So, what happens if there is no law in place where you plan to ride? Does that mean you can just go out and have a good time with no worries? NO! The old saying about ignorance of the law being no excuse certainly applies here. You are better off to assume that there is some kind of regulation and check with the proper authorities. Just because you don’t see a no electric skateboards sign, that doesn’t mean you can ride down the middle of the main street. Always check with local police or city offices to see where your electric skateboard is allowed. It would be a real shame to have your board confiscated and receive a citation for $50 or $100 dollars.
Most of the laws regulate use of boards with under 1000 watts of power and a top speed of less than 20 mph. This covers the majority of electric skateboards available, but what about the ones that it doesn’t cover? One of the most popular boards, the Boosted Board features 2000 watts of power and travels 22 mph. High end boards, like the Evolve Carbon can travel over 30 mph and have motors offering 3000 watts of power. Does this mean you can’t use these boards in states with electric skateboard laws? There certainly seems to be a grey area in interpretation of the law. As faster, more powerful boards become available, this is likely to become more of a problem.
Deciding where to ride
So, where do you ride your electric skateboard without breaking the law? It is probably safe to assume that you can use your electric skateboard in a skate park, but if you are in doubt you should ask for permission.
Places not to use your board include major highways, crowded sidewalks, or inside shopping malls. Use your common sense. If there is heavy pedestrian or vehicle traffic, you are endangering yourself and others by riding where you shouldn’t be. Many New York City pedestrians report being bothered by electric skateboard riders, many of whom are commuting to jobs or subway connections.
Regulations regarding riders
Most people will say there are not enough rules to really control the use of electric skateboards as a method of transportation. What about recreational use? Should there be strict laws regarding who can use these boards? While there are no strict laws governing rider age for recreational motorized skateboard use, most of the major manufacturers do recommended a minimum rider age to use their product. For some boards, such as the Dynacraft Surge, the recommended age is 8 years old. This stiff, slow moving board is better suited for young children or beginners. Faster, more powerful boards carry higher age recommendations. For example, the Metroboard, which travels 24 mph, suggests that riders be over the age of 16. A recent study reported the majority of skateboard accidents affected riders from 9-19 years of age. Traditional skateboard accidents were more frequent, but electric skateboard accidents were much more severe. Electric skateboard riders are more likely to suffer traumatic brain injuries and broken bones. Even experienced riders reported injuries. No matter what age or experience level you are, ALWAYS wear an approved safety helmet.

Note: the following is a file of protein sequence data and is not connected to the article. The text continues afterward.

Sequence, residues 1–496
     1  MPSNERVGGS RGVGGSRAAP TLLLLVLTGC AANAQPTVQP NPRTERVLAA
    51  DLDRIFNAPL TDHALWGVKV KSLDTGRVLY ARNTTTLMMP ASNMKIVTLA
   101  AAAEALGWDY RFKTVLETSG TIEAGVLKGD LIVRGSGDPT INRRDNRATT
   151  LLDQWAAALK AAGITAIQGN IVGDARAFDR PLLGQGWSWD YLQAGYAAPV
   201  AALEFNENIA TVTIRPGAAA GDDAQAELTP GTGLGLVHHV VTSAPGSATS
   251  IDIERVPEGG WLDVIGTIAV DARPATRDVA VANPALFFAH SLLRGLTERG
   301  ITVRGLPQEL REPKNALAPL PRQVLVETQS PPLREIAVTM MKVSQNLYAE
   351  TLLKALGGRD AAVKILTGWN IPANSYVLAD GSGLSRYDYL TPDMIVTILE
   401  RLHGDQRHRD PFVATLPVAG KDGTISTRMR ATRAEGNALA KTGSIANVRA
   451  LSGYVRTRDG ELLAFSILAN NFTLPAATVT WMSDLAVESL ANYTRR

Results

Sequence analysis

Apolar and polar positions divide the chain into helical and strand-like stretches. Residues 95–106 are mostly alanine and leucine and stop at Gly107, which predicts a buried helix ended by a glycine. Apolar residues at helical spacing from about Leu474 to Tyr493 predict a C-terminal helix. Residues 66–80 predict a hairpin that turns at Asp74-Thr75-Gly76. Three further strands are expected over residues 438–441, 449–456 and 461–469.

The biggest reason, it’s a hell of a lot of fun. If you have ever experienced the thrill of speeding down a steep hill on a traditional skateboard or snowboard, you know what I’m talking about. The wind in your face, the speed, the danger. It’s an adrenaline rush. There’s nothing like it. But, with a traditional board you can only do that going downhill. The rest of the time you are exhausting yourself kick pedaling just to keep up a good speed. A motorized, electric board makes it possible to enjoy that same thrill on a flat surface, or even going up hill. Plus, you won’t get exhausted.
Sure, you could drive to work or ride your bike, but the electric skateboard is so much better. If you drive, you have to buy fuel, fight traffic, and struggle to find parking. A bicycle saves you on fuel cost, but you are going to get all hot and sweaty, so you will probably need to change clothes. An electric skateboards allows you to put on your suit, grab your briefcase, strap on a helmet and go to work. At most, you might need to change shoes and comb your hair when you arrive.
A hub mounted motor attaches to one of the wheels of the skateboard and the revolutions of the motor match the revolutions of the wheels- a 1:1 ratio. This allows more speed, but limits your ability to travel uphill without loss of speed. A gear and belt motor system allows some flexibility in adjusting the ratio of motor to wheel revolutions. A larger motor gear attached to a smaller wheel gear will let the wheels turn faster than the motor. These systems also provide more torque and power, so you can travel up hill without losing power or speed.
Larger, more flexible wheels will give you a smoother and quieter ride than small, hard wheels. You want a wheel at least 60 mm with a wide contact surface. The contact surface refers to the portion of the wheel that actually rolls on the ground. Some wheels are convex shaped, meaning only part of the wheel will actually make contact with the road. Think of a tire on a car. The wider the tire, the safer the ride. Look for large, wide wheels when you buy your electric skateboard. This will give you maximum stability and speed.
Just like buying a car, there are many different models with many different options. Manufacturing costs, import or export costs, quality of products, power of the motor, length of battery, and even brand name are considerations when buying an electric skateboard.
Generally speaking, electric skateboards are NOT recommended for very young riders. Those under 10 years old don’t have the reflexes and quick thinking needed to avoid disaster in an emergency situation. Some manufacturers do recommend their boards for riders as young as 8 (see Dynacraft Surge, above); but most recommend riders been 13 years or older.
No matter what your age or experience level, you MUST ride a helmet when using any skateboard- traditional or electric. Head injuries from electric skateboard falls tend to be more severe than head injuries from bicycle, trampoline, and traditional skateboard accidents. Knee and elbow pads are also encouraged, particularly is you are going to be traveling up and down hills or attempting tricks and stunts.